The following discussion on management techniques, which in some areas are used as part of generalized Cognitive Behaviour Therapeutic approaches.  This blog aims to discuss these techniques in isolation from any CBT intervention, as techniques which need to be carried out with care and support from a well educated medical team.  Again, the management techniques of pacing and grading will be discussed with regard to ADL’s and PADL’s, and not with reference to aerobic exercise programs.  Please use this for information and education purposes only, and do not embark on any physical exertion program without medical advice and support.

For individuals with ME/CFS, the subject of physical exertion can be a very sensitive and difficult one to address.  This is due to the nature of ME/CFS, where the disease is an exertional one (Lapp, 2006). There are small management techniques which individuals with ME/CFS may implement with support from a medical team, that can be used to help achieve activities.  Needless to say, this requires much forethought and planning. 

One of these managing techniques is grading.  Grading is the SLOW building up of tolerance to a realistic activity which has a predefined end point from the outset.  This end point is different for each individual.  The endpoint at which grading an activity stops, is the point at which participating in an activity can occur without ill effect, or post exertional malaise.  For example, an individual with ME/CFS might begin vacuuming for one minute every two days and build up to five or six minutes every two days before having a rest period. 
It is important to note that this is not a treatment technique, and does not lead to remission of ME/CFS signs and symptoms. Over four weeks, Black, et al (2005) found that  individuals with ME/CFS were able to increase their activity level, however, studies fatigue, muscle pain, and overall mood did not improve with increased activity. Black, et al., (2005) established from this that there is a limit to activity/exertion tolerance.  This means that an individual with ME/CFS may build up from a period of one minute to a period of six minutes of vacuuming over four weeks.  At six minutes on a good day, the activity is managed whilst still feeling a sense of wellbeing and absence of complete relapse, however this may remain the threshold, and any subsequent activity without a substantial rest period would tip the balance.

A good measure for a starting point of activity participation, is the amount of activity an individual with ME/CFS is able to tolerate on a bad day.  For some individuals, the extent of this may be getting out of bed and going to the bathroom and returning to bed for a rest.

Pacing of activity is another management strategies, where an activity, say hanging out the washing, is broken up into manageable chunks. An example may be hanging out three towels (the heaviest items) and having a break (for some people five minutes, for some people thirty minutes). The next would be hanging up two or three pairs of jeans, break, sweaters, break, then the socks, break, and underwear (lightest of the washing), so that as the activity proceeds, less and less exertion is required as the fatigue and ‘malaise’ sets in.

In the absence of being able to participate in an activity, i.e., for individuals who are bed bound, some techniques which may be beneficial include active and passive stretching of joints through range of motion.  Active stretching is the participation in a stretching activity independently; passive stretching requires that the individual is relaxed while someone moves each joint through a range of motion.  Even rolling over in bed is a form of stretching.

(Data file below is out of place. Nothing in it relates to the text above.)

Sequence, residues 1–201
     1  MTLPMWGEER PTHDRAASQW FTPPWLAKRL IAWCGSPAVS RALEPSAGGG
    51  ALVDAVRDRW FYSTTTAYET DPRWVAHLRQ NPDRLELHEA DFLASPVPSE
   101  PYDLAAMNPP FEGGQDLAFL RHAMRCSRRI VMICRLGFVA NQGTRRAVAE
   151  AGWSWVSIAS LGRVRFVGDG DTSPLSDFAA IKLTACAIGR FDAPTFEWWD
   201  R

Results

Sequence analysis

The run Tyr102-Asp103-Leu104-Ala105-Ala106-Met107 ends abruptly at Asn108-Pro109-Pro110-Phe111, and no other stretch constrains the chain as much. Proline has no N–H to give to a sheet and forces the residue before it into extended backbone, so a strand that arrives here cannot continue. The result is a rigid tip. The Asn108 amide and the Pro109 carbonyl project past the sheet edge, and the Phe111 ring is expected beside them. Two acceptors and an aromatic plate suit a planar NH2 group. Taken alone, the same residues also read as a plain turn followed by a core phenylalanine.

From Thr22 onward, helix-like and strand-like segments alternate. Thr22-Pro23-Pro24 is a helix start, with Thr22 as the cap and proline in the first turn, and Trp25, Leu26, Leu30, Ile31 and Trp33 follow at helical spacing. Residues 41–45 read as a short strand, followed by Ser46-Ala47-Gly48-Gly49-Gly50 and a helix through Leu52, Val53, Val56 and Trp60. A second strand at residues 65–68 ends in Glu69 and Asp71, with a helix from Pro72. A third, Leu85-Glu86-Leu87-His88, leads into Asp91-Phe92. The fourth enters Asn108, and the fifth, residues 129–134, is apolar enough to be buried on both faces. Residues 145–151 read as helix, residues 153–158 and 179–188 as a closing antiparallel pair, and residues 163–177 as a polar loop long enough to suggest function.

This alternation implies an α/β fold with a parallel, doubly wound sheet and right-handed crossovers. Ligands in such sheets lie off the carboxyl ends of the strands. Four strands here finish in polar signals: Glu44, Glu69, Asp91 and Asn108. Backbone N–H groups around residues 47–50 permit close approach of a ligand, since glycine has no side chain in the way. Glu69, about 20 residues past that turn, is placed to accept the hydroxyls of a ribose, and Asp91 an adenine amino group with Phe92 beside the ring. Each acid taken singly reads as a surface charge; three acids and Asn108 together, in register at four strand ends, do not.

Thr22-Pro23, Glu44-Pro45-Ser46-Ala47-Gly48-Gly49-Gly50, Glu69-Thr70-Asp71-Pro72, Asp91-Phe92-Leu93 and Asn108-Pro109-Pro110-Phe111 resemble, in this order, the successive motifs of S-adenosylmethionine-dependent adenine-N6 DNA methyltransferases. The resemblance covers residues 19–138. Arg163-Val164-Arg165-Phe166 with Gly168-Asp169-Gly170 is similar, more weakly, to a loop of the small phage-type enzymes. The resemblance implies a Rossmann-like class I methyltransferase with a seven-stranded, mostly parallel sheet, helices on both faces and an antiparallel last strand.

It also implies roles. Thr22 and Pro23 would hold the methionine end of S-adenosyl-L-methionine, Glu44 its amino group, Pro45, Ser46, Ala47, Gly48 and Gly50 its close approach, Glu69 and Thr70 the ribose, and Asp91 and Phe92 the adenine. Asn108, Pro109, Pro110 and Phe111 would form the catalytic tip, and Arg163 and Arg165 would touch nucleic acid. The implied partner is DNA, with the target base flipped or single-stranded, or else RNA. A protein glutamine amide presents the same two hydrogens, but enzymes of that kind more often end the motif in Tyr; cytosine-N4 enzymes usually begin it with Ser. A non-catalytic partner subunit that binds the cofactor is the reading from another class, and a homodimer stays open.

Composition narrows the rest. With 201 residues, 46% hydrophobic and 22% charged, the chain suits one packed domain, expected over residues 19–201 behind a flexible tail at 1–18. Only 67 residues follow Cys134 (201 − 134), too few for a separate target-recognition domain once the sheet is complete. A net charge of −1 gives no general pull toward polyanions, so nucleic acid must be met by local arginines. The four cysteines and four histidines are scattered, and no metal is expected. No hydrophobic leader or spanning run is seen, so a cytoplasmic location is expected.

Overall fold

In summary, individuals with ME/CFS should not view activity or exercise as a means by which they will recover.  Exercise done without support from properly educated medical professionals can be dangerous.  Instead, physical movement should be seen as an opportunity to avoid muscle atrophy and further weakness.  This means, once again, individuals with ME/CFS are in a position where they may need to take on a role of education within their medical teams.  I have included some resources below to assist with this.

References:

Black, CD., O’Connor, PJ and McCully, KK. Increased daily physical activity and fatigue symptoms in chronic fatigue syndrome. Dynamic Medicine, 2005, 4, 3. Retrieved February 2010 from  http://www.dynamic-med.com/content/pdf/1476-5918-4-3.pdf

Hoh, D, 2002.,  Retrieved February 2010 Treatment at the Cheney Clinic. http://www.prohealth.com/me-cfs/library/showarticle.cfm?id=3278&t=CFIDS_FM


Lapp, C (2006)., The Treatment of Chronic Fatigue Syndrome and Fibromyalgia Retrieved February 2010 from http://www.prohealth.com/library/showarticle.cfm?id=2926&t=CFIDS_FM


4 comments:

  1. Emma-Kate, I think one of the key concept of your article is that exercise is not meant to be used for recovering from ME/CFS.While all PWME know that, I suspect that on the other hand, the disability companies take it as a mean to recover and getting us back to w rok. At least this is what happening in my case. Thanks for writing.

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  2. A very well written article, thanks for sending me the link!

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  3. I don't have ME/CFS as my CFS specialist said so as it is the only symptom and don't have any other symptoms meaning I DON'T have CFS.

    If I go for a 2 minute on the flat I end up in bed for the rest of the say, yet I can walk inside my house no trouble as I live in a big house. Really confusing, I don't actually no what is wrong with me?

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  4. I have Post Malaise Exertion but not CFS/ME really strange. If I go for a 20 minute walk I end up in bed for 3 weeks to recover in and out of bed during the day, horrible.

    I was told I don't have ME/CFS as a specialist said so as I don't have any other symptoms apart from Post Malaise Exertion. Really strange.